- The Washington Times - Thursday, August 3, 2000

Torricelli's mistake

Sen. Robert Torricelli, New Jersey Democrat, made a bid to run for governor next year, saying only he could unite the party. As it turned out, he was right, the New York Times reports. Mr. Torricelli united Democratic officials in opposition to his candidacy.
"After three weeks of hurried deal making, Mr. Torricelli was forced to quit the governor's race on Monday because he had lost a struggle that was less backroom horse-trading than an all-out street brawl," reporters David M. Halbfinger and David Kocieniewski write.
"Mr. Torricelli had made a critical mistake, it turned out, by underestimating the strength of his opponent, Mayor James E. McGreevey of Woodbridge, who had spent much of the last six years ingratiating himself with Mayor Sharpe James of Newark and other local leaders.
"There was payback at work, too: Powerful Democrats like Sen. Frank R. Lautenberg and Rep. Robert Menendez had felt slighted by Mr. Torricelli during his rise to power and were eager to get back at him.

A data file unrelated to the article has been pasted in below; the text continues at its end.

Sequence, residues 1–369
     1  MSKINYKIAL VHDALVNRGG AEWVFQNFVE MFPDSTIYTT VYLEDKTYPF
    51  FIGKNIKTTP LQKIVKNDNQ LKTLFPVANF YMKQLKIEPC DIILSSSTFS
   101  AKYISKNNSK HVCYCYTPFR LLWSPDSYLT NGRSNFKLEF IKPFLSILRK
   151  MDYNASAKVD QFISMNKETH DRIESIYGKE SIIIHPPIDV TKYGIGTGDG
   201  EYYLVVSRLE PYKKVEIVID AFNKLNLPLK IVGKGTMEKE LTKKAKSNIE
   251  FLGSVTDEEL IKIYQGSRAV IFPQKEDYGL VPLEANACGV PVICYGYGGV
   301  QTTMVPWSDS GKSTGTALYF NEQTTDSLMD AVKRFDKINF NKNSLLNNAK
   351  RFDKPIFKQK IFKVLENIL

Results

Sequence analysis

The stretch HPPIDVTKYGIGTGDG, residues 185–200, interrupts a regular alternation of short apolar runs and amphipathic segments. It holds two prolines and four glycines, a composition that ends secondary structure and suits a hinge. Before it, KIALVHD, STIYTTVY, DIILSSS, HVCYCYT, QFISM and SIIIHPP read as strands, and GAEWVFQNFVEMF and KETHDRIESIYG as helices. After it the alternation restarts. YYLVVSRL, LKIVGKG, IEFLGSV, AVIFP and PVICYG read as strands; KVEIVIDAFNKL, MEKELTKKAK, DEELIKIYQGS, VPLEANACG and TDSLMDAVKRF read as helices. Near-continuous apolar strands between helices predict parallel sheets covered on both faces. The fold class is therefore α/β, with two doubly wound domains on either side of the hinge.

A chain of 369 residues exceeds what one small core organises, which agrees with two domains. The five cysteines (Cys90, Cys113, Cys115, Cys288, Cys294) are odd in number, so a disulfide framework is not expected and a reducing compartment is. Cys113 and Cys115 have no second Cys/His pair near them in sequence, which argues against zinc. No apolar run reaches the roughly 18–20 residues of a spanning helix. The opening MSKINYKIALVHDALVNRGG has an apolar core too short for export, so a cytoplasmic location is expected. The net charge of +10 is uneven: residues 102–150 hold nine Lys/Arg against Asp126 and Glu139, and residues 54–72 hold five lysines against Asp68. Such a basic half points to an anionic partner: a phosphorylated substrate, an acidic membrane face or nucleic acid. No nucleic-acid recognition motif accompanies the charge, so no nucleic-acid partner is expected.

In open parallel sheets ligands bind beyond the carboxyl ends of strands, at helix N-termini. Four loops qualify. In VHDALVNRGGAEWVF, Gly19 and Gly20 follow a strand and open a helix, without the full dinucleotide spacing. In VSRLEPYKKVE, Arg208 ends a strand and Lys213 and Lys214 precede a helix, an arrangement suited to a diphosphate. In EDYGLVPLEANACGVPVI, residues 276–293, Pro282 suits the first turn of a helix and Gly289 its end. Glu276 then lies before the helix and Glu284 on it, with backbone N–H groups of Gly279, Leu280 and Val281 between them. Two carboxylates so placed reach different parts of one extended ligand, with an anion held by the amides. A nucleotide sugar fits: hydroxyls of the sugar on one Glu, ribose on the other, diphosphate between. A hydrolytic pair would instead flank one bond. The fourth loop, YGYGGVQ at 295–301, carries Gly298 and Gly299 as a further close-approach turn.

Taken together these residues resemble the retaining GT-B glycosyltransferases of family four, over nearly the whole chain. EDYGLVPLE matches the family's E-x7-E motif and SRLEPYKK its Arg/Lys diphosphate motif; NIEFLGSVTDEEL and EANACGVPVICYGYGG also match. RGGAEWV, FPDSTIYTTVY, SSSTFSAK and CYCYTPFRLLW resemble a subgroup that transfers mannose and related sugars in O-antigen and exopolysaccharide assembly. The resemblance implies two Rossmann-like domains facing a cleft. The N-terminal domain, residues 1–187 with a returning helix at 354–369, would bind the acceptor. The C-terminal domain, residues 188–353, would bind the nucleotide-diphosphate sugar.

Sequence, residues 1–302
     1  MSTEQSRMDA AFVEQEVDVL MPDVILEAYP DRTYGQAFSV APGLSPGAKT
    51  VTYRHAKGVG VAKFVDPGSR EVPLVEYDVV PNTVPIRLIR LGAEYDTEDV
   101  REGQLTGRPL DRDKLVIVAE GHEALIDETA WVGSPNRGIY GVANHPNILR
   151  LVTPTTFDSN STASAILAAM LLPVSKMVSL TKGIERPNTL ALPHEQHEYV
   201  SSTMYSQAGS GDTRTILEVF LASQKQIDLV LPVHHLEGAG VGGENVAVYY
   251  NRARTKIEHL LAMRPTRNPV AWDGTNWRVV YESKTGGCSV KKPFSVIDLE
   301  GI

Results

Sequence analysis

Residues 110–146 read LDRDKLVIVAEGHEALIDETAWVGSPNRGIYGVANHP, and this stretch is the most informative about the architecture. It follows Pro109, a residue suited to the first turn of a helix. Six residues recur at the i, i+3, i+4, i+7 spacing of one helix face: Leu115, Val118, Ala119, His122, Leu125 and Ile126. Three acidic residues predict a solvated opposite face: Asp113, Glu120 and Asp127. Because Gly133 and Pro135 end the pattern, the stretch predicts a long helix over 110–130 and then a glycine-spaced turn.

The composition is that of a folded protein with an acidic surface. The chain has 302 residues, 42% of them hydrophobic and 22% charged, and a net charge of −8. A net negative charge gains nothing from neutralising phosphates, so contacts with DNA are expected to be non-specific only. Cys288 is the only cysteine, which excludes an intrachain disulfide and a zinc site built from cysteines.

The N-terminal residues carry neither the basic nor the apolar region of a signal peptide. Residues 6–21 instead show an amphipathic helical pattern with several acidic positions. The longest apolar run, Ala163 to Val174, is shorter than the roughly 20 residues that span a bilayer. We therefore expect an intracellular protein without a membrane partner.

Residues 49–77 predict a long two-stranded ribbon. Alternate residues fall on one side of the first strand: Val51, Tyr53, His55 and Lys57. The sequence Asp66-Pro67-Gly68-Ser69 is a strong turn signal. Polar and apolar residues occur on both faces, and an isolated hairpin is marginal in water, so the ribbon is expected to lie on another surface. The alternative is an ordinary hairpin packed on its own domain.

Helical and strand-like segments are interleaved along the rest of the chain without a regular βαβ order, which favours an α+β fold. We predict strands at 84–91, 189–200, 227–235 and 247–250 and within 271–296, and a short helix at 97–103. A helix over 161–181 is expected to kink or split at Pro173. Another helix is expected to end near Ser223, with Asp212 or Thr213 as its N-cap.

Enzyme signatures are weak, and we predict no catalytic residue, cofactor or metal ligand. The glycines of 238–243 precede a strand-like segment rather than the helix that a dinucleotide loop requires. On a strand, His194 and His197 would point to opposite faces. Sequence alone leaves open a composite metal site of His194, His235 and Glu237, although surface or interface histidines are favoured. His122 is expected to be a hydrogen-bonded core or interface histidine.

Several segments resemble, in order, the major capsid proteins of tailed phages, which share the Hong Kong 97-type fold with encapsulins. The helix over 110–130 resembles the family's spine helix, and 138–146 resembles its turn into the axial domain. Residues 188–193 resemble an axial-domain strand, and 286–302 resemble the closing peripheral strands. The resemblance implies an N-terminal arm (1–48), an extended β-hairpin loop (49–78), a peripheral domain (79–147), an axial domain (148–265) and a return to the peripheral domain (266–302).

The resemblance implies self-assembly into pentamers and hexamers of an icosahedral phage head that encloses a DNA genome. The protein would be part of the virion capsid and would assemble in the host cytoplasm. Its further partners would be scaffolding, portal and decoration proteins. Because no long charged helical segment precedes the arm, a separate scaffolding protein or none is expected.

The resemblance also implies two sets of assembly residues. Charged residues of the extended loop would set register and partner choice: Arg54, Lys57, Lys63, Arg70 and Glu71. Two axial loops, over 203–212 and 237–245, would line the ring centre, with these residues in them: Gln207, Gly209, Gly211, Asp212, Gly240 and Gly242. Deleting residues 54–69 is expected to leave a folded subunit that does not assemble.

"What has emerged from the seismic political upheaval is a new balance of power within New Jersey's Democratic establishment, with Mr. Torricelli, one of Congress' most powerful Democrats, clearly diminished, and Mr. Menendez ascendant."

Panic sets in

"It's clear from the increasingly shrill and hysterical tone of their recent matched-set twin speeches that the first couple are both becoming unhinged as they watch Hillary sink slowly behind Rick Lazio and Al Gore drop further below George W. Bush," Dick Morris writes in the New York Post.
"Gone is the tradition of discreet silence during the other party's convention (which the president observed while pretending to enjoy his 'vacation' at Jackson Hole, Wyo., during the '96 GOP conclave). Gone is the desire to preserve Clinton's 'presidentiality' and Hillary's independence of her husband. Gone are both patience and perspective."